The richness and beauty of the building is captured in this stone and the two fountains in the shape of large sitting lions from whose mouths water poured into the large pond at the centre of the maristan court.
From another building in the city, the Casa del Chapiz (the House of Chapiz) are the gorronares, the upper hinges, in white marble and decorated with polychrome stalactite work which supported the large leaves of the door to the gallery in the courtyard.
NASRID PERIOD. THE ALHAMBRA AND OTHER CITY PALACES
One of the few signs remaining of the decorative furnishing of the Alhambra is the "Vase of the Gazelles". This exceptional Nasrid ceramic piece is decorated in white, blue and gold, and has a variety of epigraphic themes, highly delicate compositions of vegetal decoration and the figures which gave it its name, two pairs of gazelles.
Originally from the Palace of the Lions (Riyad) are two leaves of a door to the Hall of the Two Sisters (Qubba Mayor), examples of the fine Nasrid skill in woodwork, decorated with geometric strapwork panelling on both sides and carved pieces between the interlaced star patterns. From the same room is the screen from the upper floor. The palace decoration was complemented with other architectural elements, such as the remains of the floor from the Queen's Robing Room, with figurative themes and tiling.
The doors of the built-in cabinet from the Palace of the Princes provide us with an idea of the fine marquetry, or taracea inlay work used to decorate the doors of cupboards for storing belongings and other household items.
NASRID PERIOD. THE RAUDA, SUMPTUOUS CERAMICS
As a palace city, the Alhambra also had an area set aside for the sultans' cemetery. It takes its name Rauda from its location in the gardens behind the Palace of the Lions (Riyad). The gravestones, used as headstones and burial slabs, from this area have been preserved. Two of these have the epitaphs of sultans Muhammad II and Yusuf III.
The Alhambra was part of the palace city and its Main Mosque was the site of significant events in the history of the Nasrids. Examples of the remains of this building can be found in the reproduction of the lamp of Muhammad III; two rows of arms holding crystal glasses lit the prayer room.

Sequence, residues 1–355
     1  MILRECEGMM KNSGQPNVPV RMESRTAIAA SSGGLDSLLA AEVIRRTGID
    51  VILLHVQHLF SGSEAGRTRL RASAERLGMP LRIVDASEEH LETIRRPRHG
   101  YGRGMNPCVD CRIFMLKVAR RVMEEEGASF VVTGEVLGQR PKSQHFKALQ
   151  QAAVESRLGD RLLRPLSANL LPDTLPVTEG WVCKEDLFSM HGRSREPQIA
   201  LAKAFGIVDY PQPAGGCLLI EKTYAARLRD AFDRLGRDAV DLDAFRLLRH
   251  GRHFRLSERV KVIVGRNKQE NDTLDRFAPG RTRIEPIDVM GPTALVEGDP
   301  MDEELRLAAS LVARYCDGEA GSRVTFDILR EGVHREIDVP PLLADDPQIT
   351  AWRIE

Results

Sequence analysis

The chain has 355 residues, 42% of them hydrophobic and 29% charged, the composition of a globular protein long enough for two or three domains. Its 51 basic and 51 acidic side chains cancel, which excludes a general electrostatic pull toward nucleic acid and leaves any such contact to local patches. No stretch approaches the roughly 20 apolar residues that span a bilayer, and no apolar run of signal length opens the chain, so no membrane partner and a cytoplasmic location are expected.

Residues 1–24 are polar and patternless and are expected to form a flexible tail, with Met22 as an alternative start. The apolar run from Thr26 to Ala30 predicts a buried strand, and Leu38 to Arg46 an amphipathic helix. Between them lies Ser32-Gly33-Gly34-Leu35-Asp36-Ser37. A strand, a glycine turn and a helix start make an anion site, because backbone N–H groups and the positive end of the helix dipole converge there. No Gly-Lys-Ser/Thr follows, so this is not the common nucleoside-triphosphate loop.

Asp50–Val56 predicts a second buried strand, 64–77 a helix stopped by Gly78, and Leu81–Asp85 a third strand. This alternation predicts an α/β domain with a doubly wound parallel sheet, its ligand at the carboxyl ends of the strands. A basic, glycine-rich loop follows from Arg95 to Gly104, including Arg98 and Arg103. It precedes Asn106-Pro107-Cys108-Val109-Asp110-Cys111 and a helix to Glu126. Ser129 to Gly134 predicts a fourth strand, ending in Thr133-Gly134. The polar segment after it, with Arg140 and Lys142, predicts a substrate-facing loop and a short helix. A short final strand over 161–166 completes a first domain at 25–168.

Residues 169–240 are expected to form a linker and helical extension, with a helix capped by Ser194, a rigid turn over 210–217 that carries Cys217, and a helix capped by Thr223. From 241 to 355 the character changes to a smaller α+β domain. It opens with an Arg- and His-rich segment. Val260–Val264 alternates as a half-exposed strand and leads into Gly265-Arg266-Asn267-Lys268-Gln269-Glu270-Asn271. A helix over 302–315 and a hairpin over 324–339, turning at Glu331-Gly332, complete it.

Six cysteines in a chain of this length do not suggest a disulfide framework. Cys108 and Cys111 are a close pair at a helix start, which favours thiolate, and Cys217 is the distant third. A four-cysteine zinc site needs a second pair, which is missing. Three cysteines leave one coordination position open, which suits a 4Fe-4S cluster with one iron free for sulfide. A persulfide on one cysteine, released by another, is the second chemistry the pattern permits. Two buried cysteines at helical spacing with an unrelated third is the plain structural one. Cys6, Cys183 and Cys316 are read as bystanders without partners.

In the centre, the scissors chair (called a jamuga The various cabinets display a selection of the lavish tableware used at the palace and features a huge variety of shapes: sahfas, small serving bowls for personal use or large bowls for banquets, jugs, ewers, lids to protect food, pots to bring food to the table and a wealth of decoration in white, blue and gold, typical of quality Nasrid ceramics and with widely varied ornamental themes: human figures such as the drinker represented on one of the pieces on display; a variety of vegetal themes and designs; epigraphy as an ornamental accessory or a central decorative feature and geometric patterns as a background for the compositions or the key theme.
HALL VII A
NASRID PERIOD. DECORATION AND HOUSEHOLD ITEMS
This room presents the inside of a home or a palace as well as the fine and sumptuous household belongings from this period in history; the sculpted and polychrome finish of the palace walls; wooden roofs; textiles covering the walls or enclosing spaces in sumptuous red, yellow and glistening silk; and the domestic items and accessories for these rooms with boxes of marquetry, glass tableware, children's toys in a huge range of shapes, footwear, games such as chess and kitchenware.
HALL VII B
NASRID ART. THE ALHAMBRA, MATERIAL CULTURE
The display of examples of Nasrid material culture continues in this room; plaster panels used to cover walls, examples of woodwork, popular household tableware and toys.